In terms of an extension for the defending National League batting champion, from what I've gathered, a couple of scenarios are on the table. The two sides are talking about a one-year deal for Gordon for 2016, as a fallback in case a multiyear contract isn't reached. Another possibility is that the sides agree on a contract for 2016, then continue talking about an extension through Spring Training. Gordon isn't a free agent until 2019. It seems likely the sides will eventually reach a multiyear agreement. It's a matter of whether it gets done by Friday or sometime before Opening Day.
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Is there any possibility of the Marlins trying to sign Justin Upton and then trading Marcell Ozuna for a pitcher?
-- Gary R., Rochester, N.Y.
The club has indicated that it will apply whatever financial resources it has to pitching, not necessarily a high-priced free-agent position player like Upton. I don't see Upton as a realistic option.
Ozuna remains in play for a starting pitcher. But finding a match remains a struggle. Because Ozuna has yet to reach arbitration and isn't a free agent until 2020, the Marlins would want a young starting pitcher who arrives with controllable years. Most teams that have such pitchers are reluctant to part with them, even for an everyday outfielder. I see it about 50/50 that Ozuna will stay.
Do the Marlins still have interest in Yoenis Cespedes? They need to score more runs. Just getting Giancarlo Stanton back won't cut it.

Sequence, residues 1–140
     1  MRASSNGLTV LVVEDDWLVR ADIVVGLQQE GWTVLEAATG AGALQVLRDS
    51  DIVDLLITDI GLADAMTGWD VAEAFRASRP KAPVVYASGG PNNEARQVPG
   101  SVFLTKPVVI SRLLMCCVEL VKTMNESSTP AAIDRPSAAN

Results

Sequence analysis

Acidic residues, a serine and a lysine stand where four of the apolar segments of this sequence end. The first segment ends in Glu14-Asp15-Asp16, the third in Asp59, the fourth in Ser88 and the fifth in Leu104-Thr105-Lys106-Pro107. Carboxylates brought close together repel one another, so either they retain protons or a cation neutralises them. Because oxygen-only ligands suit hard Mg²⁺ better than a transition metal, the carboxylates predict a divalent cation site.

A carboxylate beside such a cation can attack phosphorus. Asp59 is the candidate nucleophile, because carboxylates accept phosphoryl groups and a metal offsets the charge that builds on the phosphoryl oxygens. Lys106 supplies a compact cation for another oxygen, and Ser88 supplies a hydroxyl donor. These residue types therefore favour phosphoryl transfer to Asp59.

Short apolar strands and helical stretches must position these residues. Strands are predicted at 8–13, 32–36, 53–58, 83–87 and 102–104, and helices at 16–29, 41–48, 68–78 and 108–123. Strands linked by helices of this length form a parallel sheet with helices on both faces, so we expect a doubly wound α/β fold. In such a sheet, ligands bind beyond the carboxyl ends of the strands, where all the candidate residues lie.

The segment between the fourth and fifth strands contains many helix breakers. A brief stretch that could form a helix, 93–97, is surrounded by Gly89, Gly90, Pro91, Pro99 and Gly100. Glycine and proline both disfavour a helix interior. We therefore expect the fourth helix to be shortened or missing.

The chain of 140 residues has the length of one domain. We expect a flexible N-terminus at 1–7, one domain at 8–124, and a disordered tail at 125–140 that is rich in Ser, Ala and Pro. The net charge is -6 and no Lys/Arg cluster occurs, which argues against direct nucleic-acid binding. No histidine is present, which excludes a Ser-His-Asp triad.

All offseason, the Marlins have shown no interest in Cespedes, who like Upton, could be seeking a deal for more than $100 million. If Ozuna is traded, then the question would be whether Miami would turn to a free-agent outfielder like Cespedes. I've heard if Ozuna does get traded, the club is willing to move Christian Yelich from left field to center and platoon Derek Dietrich in left.
My opinion is that the everyday lineup could be highly productive as is, if healthy.
Is Tim Lincecum still a potential option for the Fish?
No one saw new hitting coach Barry Bonds deciding to go from San Francisco to Miami, so why not Lincecum? Perhaps Bonds could even help recruit the 31-year-old right-hander. But any decision will come down to performance. If Lincecum shows in a workout that he has anything left, then the Marlins may think he is worth a shot. In that scenario, I'm sure there would be plenty of competition for his services. I think Lincecum is possible, but probably a long shot.
Joe Frisaro is a reporter for MLB.com. He writes a blog, called The Fish Pond. Follow him on Twitter @JoeFrisaro. This story was not subject to the approval of Major League Baseball or its clubs.